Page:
They Hate Change delight on an EP with a collaborative soul that doesn’t lose any of the expected edgy or swag of this luminary hip-hop duo.

Release date: January 26, 2024 | Jagjaguwar | Instagram | Bandcamp

Two years ago saw me absolutely fascinated by They Hate Change, a truly progressive hip-hop duo doing great things with the genre’s past, present, and future. Seriously, it may not be my best writing, but check out my review of Finally, New if you want to see why I was hoping, praying, crying, screaming for a new project from them this year. Not only did I get it, but it dropped in late January? Good start to 2024.

To immediately temper expectations, Wish You Were Here… is just an EP, but ‘just an EP’ from one of the most engaging and entertaining acts I could name right now is still a welcomed treat and replete with plenty of moments to talk about at length, hence this review. This EP is pretty special as it marks the first time They Hate Change have used all outside production. At first this was a bit… concerning – one of the duo’s strengths is absolutely the production they do. I didn’t wanna lose the percussive bounce of “Breathing” or the humming, EDM-esque framework of “X-Ray Spex”.

All I had to do was sit back and trust the process though – They Hate Change picked awesome people to collaborate with, producers that really knew what kind of sound they excel over, like 96Back, Vritra, DJ Orange Julius, and Charlie. Each of this EP’s four songs (there’s five tracks, but I’ll get to that in a bit) feel like They Hate Change. “Wallabees & Weejuns” is a banger of a track, the title referencing two brands of footwear which is fitting because this song gets you moving, bro. To spoil it, it’s two songs in one with a righteous beat switch in the middle where it goes from a trunk thumper with skittering hi-hats and deep bass to a dance anthem with r&b touches you’d be likely to hear in a club. André and Vonne stunt hard lyrically with little nods to Dr. Dre and Big Tymers alike, making sure their flows match up to each beat respectively. That’s the kind of far-reaching referencing that makes They Hate Change so fucking cool, and it goes way beyond simple name drops and bars.

“stunt (when I see u)” is another hard-bodied track with light sampling and dense drums that warble and warp around the rapped vocals. It’s a little darker and more anxious than their usual fare, bringing to mind some Yeezus production like what was on “On Sight” just with 100% less regret and moral dilemma involved. I love Vonne’s more aggressive approach here, taking up the lion’s share of rapping time while also describing They Hate Change better than I could: ‘This that Gulf Coast Soul, Post-Punk Crunk Music/Boy Better Know, like my name Frisco‘. “Biscuits” is a bit of a chiller, minimalistic jam seated in the middle of the EP with a crisp bassline and not a whole not else besides vocals until the midsection ramps the drum textures that flirt with drum & bass music and more prominent guitar lines (that may be sampled?). And speaking of grime/English rap from earlier, South London rapper Wu-Lu shows up for one of Wish You Were Here…‘s two vocal features that give the track a downtrodden feel before it takes off with that extended production.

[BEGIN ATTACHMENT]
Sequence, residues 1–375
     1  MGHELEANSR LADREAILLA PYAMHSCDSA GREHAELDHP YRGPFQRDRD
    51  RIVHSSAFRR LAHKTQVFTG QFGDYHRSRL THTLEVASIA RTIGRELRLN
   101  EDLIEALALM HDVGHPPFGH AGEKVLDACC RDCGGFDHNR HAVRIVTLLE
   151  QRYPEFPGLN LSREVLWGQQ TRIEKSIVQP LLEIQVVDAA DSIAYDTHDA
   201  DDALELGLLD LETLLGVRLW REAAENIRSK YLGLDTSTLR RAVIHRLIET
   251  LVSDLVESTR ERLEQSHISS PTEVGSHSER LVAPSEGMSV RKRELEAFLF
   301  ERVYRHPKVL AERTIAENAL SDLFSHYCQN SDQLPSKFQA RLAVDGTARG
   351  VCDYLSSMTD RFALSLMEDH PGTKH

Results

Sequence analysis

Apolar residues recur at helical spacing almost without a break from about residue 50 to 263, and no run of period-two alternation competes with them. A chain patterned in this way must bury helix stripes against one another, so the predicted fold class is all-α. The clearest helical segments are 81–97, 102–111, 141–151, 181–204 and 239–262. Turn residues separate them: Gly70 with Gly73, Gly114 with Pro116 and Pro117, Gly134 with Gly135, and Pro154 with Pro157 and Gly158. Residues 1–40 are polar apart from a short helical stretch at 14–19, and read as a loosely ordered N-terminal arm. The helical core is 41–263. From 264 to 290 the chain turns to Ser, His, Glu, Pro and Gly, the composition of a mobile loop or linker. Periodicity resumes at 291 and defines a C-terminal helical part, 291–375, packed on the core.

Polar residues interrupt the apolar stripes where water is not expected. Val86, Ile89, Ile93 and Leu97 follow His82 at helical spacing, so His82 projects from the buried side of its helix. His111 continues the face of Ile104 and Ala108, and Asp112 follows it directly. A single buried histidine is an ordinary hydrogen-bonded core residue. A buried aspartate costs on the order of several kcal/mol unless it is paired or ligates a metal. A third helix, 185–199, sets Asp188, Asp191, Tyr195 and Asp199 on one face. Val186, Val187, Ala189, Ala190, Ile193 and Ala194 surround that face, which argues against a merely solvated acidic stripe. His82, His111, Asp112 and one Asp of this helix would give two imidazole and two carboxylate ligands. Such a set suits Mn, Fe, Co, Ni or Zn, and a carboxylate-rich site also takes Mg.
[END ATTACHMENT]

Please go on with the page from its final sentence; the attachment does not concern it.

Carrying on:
“So Excited” is my favorite next to “Wallabees & Weejuns” with high energy and pulling elements from everywhere from trap rap to EDM. Cherele, a rapper/singer from Fort Myers, FL, fucking skates on this track with nice backing vocals and a neat mini-verse with all three vocalists shouting out Florida itself and the lavish lifestyle representative of its more luxurious areas. Another dancy banger. The only weak track is the intro, “Thank You For Reaching Out”, which is just 4:32 of voice messages to the duo. I get it, intros can be key to setting the scene and/or mood, but clocking in at around 25% of the EP and is the longest track on it, it feels like a bit much. I can’t hate on it, but I’ll admit I skip it almost every time it loops now.

Aside from that admittedly very minor dent, Wish You Were Here… just sees the They Hate Change legacy grow evermore. Even using other producers besides themselves, always a risky move when you’re so used to producing in-house, their charisma comes through without a single hitch. Lyrically strong with fun touches, bringing on cool features and put fans like me onto (seriously, thanks for putting me onto Cherele because damn), in spite of my short time moving with this Florida duo, this just feels like another great step as they continue to stunt on any-fucking-one they feel like, me included! Stunt on me, y’all. I love this shit. Can’t wait for more.

David Rodriguez

David Rodriguez

"I came up and so could you, and fuck the boys in blue" - RMR

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